kirbytest

I have a small room, also known as a closet *cough* that I have my printer and some small computers in. Some day I plan to put a 3D printer there as well. It would be wise to set up a simple webcam, so I can check on it. You know, in case of fire and stuff. 😉

Setting up a webcam w/o a UI

It’s easy. Just plug it in. Before you do though, list your usb devices.

lsusb

Now plug it in, and list them again. This will help you find the BUS and DEVICE_ID of your device.

Bus 004 Device 001: ID 1d6b:0001 Linux Foundation 1.1 root hub
Bus 002 Device 002: ID 1e4e:0110 Cubeternet                    # <-- This one
Bus 002 Device 001: ID 1d6b:0002 Linux Foundation 2.0 root hub
Bus 003 Device 001: ID 1d6b:0001 Linux Foundation 1.1 root hub
Bus 001 Device 001: ID 1d6b:0002 Linux Foundation 2.0 root hub
Bus 005 Device 001: ID 1d6b:0002 Linux Foundation 2.0 root hub

If the device and driver is correctly initialised, you will have 1-or-more video devices in “/dev”.

ls /dev/video*

# with one camera, you should get
/dev/video0

To get a whole bunch of data about your device, do a verbose lsusb.

# List everything about -s BUS:DEVICE (i.e. 002:002, 2:2, etc)
lsusb -v -s 002:002

# To get the resolutions available, grep it
lsusb -v -s 002:002 | egrep "Width|Height"

My cheap camera’s resolutions return this:

wWidth                            640
        wHeight                           480
        wWidth                            352
        wHeight                           288
        wWidth                            320
        wHeight                           240
        wWidth                            176
        wHeight                           144
        wWidth                            160
        wHeight                           120
        wWidth( 0)                        640
        wHeight( 0)                       480
        wWidth( 1)                        352
        wHeight( 1)                       288
        wWidth( 2)                        320
        wHeight( 2)                       240
        wWidth( 3)                        176
        wHeight( 3)                       144
        wWidth( 4)                        160
        wHeight( 4)                       120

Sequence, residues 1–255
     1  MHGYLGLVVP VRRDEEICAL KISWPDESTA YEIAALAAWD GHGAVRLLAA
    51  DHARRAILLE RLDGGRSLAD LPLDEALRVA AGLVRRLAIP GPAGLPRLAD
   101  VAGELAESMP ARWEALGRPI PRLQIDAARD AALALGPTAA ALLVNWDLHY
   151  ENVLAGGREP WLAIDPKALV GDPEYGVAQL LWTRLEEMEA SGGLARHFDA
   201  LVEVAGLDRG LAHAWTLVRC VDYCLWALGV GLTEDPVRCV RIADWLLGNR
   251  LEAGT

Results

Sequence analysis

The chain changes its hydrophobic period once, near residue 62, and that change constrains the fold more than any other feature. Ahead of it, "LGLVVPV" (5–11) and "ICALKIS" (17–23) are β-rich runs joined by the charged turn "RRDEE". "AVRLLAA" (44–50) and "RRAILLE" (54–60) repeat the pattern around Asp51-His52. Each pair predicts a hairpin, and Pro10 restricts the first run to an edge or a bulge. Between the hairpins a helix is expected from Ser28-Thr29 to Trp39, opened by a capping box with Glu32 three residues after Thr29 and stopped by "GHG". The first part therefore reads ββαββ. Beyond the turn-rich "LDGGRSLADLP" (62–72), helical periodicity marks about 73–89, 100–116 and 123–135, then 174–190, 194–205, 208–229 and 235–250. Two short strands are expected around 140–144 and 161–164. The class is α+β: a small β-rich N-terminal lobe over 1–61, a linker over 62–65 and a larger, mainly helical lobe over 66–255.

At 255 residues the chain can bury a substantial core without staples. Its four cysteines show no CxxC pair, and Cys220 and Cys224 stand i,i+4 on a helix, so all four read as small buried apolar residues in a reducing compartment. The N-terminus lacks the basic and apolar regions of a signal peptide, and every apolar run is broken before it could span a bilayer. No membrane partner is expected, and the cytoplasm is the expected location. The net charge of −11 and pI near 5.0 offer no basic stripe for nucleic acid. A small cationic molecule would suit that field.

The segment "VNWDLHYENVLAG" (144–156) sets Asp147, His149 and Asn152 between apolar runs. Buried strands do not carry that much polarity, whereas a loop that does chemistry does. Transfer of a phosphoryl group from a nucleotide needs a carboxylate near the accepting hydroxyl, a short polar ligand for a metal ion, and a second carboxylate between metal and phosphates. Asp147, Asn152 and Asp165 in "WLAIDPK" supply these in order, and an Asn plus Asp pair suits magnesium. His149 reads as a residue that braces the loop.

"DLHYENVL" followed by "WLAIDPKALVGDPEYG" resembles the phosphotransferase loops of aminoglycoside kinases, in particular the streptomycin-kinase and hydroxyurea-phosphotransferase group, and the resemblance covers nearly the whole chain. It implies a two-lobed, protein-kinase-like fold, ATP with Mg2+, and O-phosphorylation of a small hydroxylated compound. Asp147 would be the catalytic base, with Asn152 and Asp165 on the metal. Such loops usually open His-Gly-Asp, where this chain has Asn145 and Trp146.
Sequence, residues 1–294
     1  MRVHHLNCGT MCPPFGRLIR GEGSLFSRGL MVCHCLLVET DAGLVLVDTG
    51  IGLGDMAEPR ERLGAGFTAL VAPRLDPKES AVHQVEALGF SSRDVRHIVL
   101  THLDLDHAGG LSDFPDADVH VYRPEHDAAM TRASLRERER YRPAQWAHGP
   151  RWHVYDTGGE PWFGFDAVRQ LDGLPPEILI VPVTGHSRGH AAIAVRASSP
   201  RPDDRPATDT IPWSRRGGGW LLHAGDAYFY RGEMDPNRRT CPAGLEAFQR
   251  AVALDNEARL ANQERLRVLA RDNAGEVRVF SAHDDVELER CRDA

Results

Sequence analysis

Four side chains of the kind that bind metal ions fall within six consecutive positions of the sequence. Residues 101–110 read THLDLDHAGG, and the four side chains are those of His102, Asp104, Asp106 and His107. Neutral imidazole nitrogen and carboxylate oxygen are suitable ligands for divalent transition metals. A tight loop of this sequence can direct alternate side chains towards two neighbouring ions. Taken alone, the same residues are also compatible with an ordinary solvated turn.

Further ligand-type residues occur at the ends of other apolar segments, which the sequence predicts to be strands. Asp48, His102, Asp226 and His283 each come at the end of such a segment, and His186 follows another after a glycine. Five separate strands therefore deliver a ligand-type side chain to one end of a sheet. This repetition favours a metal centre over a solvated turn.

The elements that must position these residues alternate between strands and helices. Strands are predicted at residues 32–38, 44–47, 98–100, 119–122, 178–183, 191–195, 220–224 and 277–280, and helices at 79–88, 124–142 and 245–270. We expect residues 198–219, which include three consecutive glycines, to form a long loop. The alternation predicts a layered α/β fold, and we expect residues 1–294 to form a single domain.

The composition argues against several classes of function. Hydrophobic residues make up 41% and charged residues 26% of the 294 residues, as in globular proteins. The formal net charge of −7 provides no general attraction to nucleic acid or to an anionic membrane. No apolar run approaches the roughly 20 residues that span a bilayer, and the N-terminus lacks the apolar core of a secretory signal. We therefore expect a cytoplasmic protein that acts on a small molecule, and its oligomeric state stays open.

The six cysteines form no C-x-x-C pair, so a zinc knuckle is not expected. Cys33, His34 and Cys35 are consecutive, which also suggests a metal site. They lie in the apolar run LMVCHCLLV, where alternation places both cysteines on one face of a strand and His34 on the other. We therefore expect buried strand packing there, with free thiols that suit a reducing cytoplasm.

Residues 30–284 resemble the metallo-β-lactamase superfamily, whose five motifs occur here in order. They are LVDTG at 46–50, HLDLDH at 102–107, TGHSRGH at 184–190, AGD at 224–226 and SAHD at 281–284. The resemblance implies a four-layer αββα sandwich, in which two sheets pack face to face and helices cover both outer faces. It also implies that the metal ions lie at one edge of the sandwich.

Meaning my camera supports 5 resolutions:

  • 640×480 (0) ** 4:3
  • 352×288 (1) ** 11:9
  • 320×240 (2) ** 4:3
  • 176×144 (3) ** 11:9
  • 160×120 (4) ** 4:3

My camera’s default seems to be 352×288.

Setting up Motion

Install it.

sudo apt-get install motion

# Next, create a config file
mkdir ~/.motion
nano ~/.motion/motion.conf

At a minimum, you need this in your config:

stream_port 8081		# the port of the web server
stream_localhost off	# default is on (localhost only)

My config looks like this:

stream_port 8081		# the port of the web server
stream_localhost off	# default is on (localhost only)
stream_quality 95		# default: 50 (%)
output_pictures off		# default: on, writes jpegs every second
width 640
height 480

#videodevice /dev/video0

You can customize it to suit your needs.

Docs: http://www.lavrsen.dk/foswiki/bin/view/Motion/ConfigFileOptions

NOTE: Be careful with the documentation above! Features like webcam_port are included in the documentation, but they’re actually deprecated and no longer supported. The docs do say this, but you may not notice this unless you read ever word.

Test it by running Motion.

motion

# CTRL+C to exit

If you want it always running, you’ll have to set it up as a service.

Now simply visit port 8081 of the machine to view the active webcam.

Motion has some neat features. As the name suggests, it can actually detect motion. Check out the docs to learn more.

Reference: https://gist.github.com/endolith/2052778

Variant: Running it when you’re not home

Here’s a clever idea:

A script that regularly checks if a machine with your phone’s mac address can be reached on the local network:

http://superuser.com/a/512706